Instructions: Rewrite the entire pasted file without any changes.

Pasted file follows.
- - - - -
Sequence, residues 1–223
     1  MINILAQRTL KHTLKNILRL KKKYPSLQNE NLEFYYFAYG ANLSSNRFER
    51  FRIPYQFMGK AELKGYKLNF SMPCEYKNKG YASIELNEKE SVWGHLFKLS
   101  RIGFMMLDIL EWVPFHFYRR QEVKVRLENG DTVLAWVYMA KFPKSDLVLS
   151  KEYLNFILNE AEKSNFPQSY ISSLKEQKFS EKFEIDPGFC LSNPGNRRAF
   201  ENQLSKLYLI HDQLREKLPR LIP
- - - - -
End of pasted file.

Sequence, residues 1–223
     1  MINILAQRTL KHTLKNILRL KKKYPSLQNE NLEFYYFAYG ANLSSNRFER
    51  FRIPYQFMGK AELKGYKLNF SMPCEYKNKG YASIELNEKE SVWGHLFKLS
   101  RIGFMMLDIL EWVPFHFYRR QEVKVRLENG DTVLAWVYMA KFPKSDLVLS
   151  KEYLNFILNE AEKSNFPQSY ISSLKEQKFS EKFEIDPGFC LSNPGNRRAF
   201  ENQLSKLYLI HDQLREKLPR LIP